During the first week of the fall semester at Binghamton University, countless incoming freshmen will unpack their belongings in the dorm room where they’ll begin the rest of their life, starting a four-year journey of trials and triumphs in pursuit of walking the stage in their cap and gown. But it’s easy to forget that they aren’t the only students coming to BU for the first time. Transfer students make up roughly 25 percent of the undergraduate student body, and they face unique challenges when it comes to making friends and getting involved on campus. I transferred here in my sophomore year, and my experience taught me a lot about how to make the University your home away from home. If you’re an incoming transfer, I hope my advice can help you make the most of your BU experience.
Go to every general interest meeting (GIM) that looks interesting
This is really hard if you’re shy, but it’s worth it. One of my biggest mistakes in my first year was not getting involved in clubs because I was too afraid to put myself out there. Don’t repeat my mistake. When the semester gets difficult, it’s easy to bury yourself in your work and avoid socializing, but that’s no way to go through college. Clubs can offer a break from the stress of your coursework as well as a great opportunity to make new friends. You don’t have to join every club you check out, but going to GIMs is a great way to figure out what’s worth your time going forward.
Make use of the career center
You’re a little closer to graduation than the first-year students, and if you haven’t started thinking about internships or job opportunities, you’re in danger of falling behind. Your college degree might get an employer to keep your résumé out of the trash, but most companies care far more about your practical experience in the field than they do about how high your GPA was. Luckily, BU’s career center can help. Between job fairs, mock interviews and one-on-one sessions with qualified career consultants, the Fleishman Center for Career and Professional Development is an invaluable resource in setting yourself up for the post-graduation job search. Don’t wait until senior year to think about your future.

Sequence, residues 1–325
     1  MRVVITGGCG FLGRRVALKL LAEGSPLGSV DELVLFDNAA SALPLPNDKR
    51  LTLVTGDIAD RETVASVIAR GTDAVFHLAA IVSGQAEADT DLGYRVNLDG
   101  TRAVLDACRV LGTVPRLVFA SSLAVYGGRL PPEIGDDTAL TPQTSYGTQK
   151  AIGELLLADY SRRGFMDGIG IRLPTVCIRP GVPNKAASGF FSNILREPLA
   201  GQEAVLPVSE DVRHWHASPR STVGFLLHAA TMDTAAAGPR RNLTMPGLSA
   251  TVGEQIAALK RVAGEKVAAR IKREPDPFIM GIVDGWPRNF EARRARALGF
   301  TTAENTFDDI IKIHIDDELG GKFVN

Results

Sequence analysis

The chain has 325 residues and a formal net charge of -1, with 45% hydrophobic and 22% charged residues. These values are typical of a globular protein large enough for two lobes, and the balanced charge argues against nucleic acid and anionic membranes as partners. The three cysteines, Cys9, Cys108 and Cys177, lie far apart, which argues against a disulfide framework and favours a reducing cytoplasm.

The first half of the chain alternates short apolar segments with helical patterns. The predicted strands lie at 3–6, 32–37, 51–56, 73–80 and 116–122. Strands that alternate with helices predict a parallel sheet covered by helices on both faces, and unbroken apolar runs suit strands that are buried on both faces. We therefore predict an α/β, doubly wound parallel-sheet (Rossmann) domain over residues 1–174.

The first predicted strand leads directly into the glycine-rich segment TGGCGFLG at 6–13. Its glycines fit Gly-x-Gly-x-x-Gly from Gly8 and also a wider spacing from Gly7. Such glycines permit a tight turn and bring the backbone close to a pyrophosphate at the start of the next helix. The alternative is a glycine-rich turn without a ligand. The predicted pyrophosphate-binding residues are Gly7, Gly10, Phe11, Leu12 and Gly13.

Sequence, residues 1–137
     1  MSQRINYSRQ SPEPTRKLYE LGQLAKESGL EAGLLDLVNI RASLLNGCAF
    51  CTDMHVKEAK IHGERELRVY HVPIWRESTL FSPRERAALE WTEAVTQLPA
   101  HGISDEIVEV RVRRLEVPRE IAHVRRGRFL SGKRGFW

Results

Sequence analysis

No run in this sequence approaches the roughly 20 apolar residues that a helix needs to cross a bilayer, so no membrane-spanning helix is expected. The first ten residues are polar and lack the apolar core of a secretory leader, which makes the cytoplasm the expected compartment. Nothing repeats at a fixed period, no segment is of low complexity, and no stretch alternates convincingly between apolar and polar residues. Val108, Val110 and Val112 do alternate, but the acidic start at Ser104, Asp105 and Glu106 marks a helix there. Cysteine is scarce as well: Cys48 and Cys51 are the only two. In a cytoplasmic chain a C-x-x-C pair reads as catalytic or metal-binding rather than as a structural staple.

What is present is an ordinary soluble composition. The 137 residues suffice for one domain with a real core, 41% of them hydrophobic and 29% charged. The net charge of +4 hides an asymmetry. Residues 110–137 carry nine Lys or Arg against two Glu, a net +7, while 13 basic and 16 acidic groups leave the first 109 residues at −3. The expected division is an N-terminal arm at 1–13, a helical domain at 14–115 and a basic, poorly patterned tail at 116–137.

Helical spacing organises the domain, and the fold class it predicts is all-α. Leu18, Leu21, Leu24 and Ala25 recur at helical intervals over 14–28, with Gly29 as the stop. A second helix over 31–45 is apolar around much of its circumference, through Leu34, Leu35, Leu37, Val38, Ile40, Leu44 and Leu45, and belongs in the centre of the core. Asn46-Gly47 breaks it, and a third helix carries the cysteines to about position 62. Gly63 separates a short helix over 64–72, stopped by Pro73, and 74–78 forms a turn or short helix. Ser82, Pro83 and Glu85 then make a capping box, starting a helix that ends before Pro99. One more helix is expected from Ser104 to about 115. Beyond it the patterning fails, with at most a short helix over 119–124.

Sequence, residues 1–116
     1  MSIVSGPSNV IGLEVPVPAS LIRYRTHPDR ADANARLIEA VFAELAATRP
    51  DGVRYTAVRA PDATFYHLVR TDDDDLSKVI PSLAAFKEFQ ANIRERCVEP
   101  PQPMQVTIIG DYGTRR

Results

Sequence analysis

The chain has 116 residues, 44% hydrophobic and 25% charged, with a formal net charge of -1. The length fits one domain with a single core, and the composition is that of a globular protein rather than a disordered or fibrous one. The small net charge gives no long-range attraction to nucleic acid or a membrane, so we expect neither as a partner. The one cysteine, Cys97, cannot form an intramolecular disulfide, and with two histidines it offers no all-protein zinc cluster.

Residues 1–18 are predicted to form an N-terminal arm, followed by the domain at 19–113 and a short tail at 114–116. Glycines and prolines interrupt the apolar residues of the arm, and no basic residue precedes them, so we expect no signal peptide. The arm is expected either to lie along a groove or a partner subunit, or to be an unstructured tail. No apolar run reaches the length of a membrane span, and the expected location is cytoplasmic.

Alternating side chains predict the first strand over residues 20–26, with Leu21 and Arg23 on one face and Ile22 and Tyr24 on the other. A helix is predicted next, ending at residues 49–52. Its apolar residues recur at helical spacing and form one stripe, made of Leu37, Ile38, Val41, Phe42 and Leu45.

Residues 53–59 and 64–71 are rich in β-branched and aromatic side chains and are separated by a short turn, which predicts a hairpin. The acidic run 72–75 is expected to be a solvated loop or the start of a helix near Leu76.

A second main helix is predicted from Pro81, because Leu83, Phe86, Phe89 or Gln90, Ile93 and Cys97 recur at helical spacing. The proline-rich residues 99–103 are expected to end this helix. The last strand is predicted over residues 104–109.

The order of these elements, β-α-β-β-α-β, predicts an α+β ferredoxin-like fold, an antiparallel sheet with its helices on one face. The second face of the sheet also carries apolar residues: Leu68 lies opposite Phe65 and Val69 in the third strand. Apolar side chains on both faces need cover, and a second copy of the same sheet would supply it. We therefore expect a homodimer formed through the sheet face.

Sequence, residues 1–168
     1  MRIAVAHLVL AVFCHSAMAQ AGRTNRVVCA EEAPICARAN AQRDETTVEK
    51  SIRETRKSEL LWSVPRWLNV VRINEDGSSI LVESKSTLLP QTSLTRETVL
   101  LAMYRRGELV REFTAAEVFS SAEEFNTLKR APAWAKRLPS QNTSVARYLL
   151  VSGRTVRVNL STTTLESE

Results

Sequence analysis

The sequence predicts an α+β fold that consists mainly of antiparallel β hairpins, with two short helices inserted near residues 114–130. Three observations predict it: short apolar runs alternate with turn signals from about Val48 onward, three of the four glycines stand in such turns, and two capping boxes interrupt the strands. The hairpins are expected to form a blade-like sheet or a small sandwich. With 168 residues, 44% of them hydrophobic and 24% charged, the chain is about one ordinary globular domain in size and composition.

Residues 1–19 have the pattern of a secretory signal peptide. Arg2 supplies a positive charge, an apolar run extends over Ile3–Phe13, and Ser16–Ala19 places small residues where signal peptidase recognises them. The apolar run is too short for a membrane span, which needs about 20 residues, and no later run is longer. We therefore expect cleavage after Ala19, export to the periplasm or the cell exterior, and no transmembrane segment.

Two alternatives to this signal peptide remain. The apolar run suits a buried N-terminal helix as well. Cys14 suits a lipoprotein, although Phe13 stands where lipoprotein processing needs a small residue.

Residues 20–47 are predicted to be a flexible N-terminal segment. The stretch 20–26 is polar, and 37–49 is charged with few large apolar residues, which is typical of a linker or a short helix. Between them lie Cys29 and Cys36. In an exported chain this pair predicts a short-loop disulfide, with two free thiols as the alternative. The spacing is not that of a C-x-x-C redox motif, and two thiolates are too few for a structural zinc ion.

Consider a fraternity or sorority
Fraternities and sororities are not for everyone, and they’re not necessary to build a social circle you can count on. But if you’re struggling to meet people, Greek life can help you make lifelong friends and ease your transition to BU. It’s important to find the fraternity or sorority that’s right for you, especially at a school with over 50 choices. There’s typically a week where all of the chapters on campus hold social events so prospective pledges can meet with brothers and sisters and see if they’re a match. If you’re not interested in the party scene, there are nontraditional fraternities that focus on things such as community service or arts and literature.
Don’t beat yourself up over grades
For me, this was the toughest one. I was a perfectionist before I transferred because I wanted my application to be as strong as possible, and any grade lower than an A was an unacceptable failure. But if you’re like me, this is something you have to get out of your system. BU is a challenging school and the transition can be rough, especially if you’re coming from a community college. You’ll probably struggle in your first semester, and that’s not a personal failure. It’s easy to start believing you’re not cut out for the school, but remember that you got in for a reason. The more time you spend regretting the past, the less time you spend working toward the future. If you’re not happy with your grades, pick yourself up and learn from your mistakes. Look toward the future and become the student that you want to be.